One day I decided to walk home from work. My office was about 3 miles from home with much of the journey along a beautiful city trail with the remaining mile following a busy roadway. As I walked that last stretch, I had several good neighbors who were driving by, slow down and offer me a lift home. I thanked them but mentioned that my walk home was intentional. They seemed a bit surprised, perhaps because Americans don’t really do a whole lot of walking. Maybe we have become too lazy, or more likely too impatient to enjoy a nice walk.
When I lived in Italy for two years in my youth, we walked all the time. We might drive or catch a bus if we were leaving town but within the city, walking was the norm. On a recent return visit with Launa, we found ourselves four miles out of town, having initially taken a taxi due to poor weather. When it came time to return the sun had come out, so we decided to walk. We love walking and had done quite a bit of it during this trip. In the distance we could see the dome of the Florence cathedral, so we walked towards it. It turned out to be a lovely walk and though it was a little far by American walking standards, in seemingly no time at all we were back home.
Whenever I go on a walk farther than to the mailbox there are two things I notice. First, initially I worry the distance is too far and the time required will be too much. Second, once on my way I find that both the time and distance shorten, and the walk goes by much faster and more pleasantly than anticipated. The neat thing about walking is that though you are moving slowly, you are moving continually. And it always amazes me how much ground you can cover when you just keep going forward, even if at a slower pace.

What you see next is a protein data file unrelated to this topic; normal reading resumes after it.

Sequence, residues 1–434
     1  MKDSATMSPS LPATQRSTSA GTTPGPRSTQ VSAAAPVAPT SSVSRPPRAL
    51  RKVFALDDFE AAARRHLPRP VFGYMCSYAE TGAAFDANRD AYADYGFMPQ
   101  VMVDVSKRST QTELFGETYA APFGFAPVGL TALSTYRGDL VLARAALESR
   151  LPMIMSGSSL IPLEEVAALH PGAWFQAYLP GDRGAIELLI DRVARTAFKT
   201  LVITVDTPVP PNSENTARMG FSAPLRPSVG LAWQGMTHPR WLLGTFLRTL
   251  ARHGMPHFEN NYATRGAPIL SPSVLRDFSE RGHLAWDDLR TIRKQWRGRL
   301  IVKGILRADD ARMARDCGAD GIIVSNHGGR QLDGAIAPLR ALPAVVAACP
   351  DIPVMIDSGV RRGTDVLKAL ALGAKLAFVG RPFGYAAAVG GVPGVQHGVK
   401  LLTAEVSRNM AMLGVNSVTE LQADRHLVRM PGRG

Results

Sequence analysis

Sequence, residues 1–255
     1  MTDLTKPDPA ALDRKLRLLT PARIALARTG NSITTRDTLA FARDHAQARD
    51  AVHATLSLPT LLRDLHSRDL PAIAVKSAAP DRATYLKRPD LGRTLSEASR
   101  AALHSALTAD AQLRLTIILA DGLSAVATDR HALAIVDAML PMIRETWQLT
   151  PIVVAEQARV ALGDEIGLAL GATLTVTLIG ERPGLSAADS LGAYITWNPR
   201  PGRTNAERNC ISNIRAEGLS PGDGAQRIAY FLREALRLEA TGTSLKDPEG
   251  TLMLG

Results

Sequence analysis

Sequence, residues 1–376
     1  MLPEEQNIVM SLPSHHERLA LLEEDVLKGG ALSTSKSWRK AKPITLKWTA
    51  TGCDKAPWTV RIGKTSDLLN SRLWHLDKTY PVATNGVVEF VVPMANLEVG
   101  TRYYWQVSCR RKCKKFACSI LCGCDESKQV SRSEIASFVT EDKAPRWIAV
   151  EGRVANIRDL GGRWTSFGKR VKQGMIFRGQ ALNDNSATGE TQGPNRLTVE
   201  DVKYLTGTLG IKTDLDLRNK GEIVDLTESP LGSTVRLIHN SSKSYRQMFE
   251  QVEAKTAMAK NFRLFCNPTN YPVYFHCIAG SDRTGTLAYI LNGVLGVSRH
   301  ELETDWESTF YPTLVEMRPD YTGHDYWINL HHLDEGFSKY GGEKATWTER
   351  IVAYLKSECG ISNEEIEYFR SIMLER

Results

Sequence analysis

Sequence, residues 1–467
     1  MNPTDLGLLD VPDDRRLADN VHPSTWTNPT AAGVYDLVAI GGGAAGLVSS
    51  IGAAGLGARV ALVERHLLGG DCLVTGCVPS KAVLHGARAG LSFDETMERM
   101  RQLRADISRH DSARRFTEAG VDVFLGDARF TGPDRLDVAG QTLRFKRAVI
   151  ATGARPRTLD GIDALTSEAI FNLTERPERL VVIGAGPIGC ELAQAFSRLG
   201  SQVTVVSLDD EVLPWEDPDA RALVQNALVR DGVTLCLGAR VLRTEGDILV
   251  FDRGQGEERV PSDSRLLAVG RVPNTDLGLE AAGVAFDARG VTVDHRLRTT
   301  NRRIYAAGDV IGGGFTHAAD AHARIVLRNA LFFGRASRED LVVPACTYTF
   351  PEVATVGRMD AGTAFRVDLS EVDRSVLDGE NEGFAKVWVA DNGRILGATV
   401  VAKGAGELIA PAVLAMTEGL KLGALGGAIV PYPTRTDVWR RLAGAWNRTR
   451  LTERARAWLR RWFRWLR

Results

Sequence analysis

For me, investing for retirement is much like taking a good walk. Initially, the distance to where you want to be can seem overwhelming, like our walk home in Florence that day. The Cathedral domes can seem a very long way off. But if you just start moving and keep moving, while enjoying the sights along the way, the trip may go by quicker than anticipated. Americans are a great group, but we are very impatient, which is not a good quality for investors. Impatience, a partner of greed, has led many investors, while attempting to hasten their journey towards retirement, to actually make it longer.
Sometimes it is ok to be in a hurry. With investing I recommend more of a “walking” attitude. Get a view of that distant cathedral dome, (your retirement goal), and then patiently and consistently start walking towards it. You will be surprised at how quickly you will actually get there when you just keep moving.
Dan Wyson, CFP® is author of “The Gold Egg,” and “21 Financial Myths” and owner of Wyson Financial/Wealth Management 375 E. Riverside Dr. St. George, UT 84790 – 435-986-9525 – Securities and Advisory services offered through Commonwealth Financial Network, member FINRA/SIPC, a registered investment advisor.